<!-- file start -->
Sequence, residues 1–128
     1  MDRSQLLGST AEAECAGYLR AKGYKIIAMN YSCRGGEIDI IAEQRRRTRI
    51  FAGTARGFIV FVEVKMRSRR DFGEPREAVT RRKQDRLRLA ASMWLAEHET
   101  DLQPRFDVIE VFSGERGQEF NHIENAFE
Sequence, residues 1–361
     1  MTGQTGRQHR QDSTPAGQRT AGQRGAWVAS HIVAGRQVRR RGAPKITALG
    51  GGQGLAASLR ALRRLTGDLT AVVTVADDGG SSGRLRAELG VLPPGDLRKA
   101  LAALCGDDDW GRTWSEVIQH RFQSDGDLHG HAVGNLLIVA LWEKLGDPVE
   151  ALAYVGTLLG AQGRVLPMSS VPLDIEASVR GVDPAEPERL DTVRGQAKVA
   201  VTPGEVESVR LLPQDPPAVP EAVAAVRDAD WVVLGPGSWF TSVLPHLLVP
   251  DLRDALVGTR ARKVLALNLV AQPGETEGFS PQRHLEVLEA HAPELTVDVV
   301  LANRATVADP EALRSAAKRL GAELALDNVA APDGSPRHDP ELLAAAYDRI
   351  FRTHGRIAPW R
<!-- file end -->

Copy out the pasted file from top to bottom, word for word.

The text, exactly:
Sequence, residues 1–128
     1  MDRSQLLGST AEAECAGYLR AKGYKIIAMN YSCRGGEIDI IAEQRRRTRI
    51  FAGTARGFIV FVEVKMRSRR DFGEPREAVT RRKQDRLRLA ASMWLAEHET
   101  DLQPRFDVIE VFSGERGQEF NHIENAFE
Sequence, residues 1–361
     1  MTGQTGRQHR QDSTPAGQRT AGQRGAWVAS HIVAGRQVRR RGAPKITALG
    51  GGQGLAASLR ALRRLTGDLT AVVTVADDGG SSGRLRAELG VLPPGDLRKA
   101  LAALCGDDDW GRTWSEVIQH RFQSDGDLHG HAVGNLLIVA LWEKLGDPVE
   151  ALAYVGTLLG AQGRVLPMSS VPLDIEASVR GVDPAEPERL DTVRGQAKVA
   201  VTPGEVESVR LLPQDPPAVP EAVAAVRDAD WVVLGPGSWF TSVLPHLLVP
   251  DLRDALVGTR ARKVLALNLV AQPGETEGFS PQRHLEVLEA HAPELTVDVV
   301  LANRATVADP EALRSAAKRL GAELALDNVA APDGSPRHDP ELLAAAYDRI
   351  FRTHGRIAPW R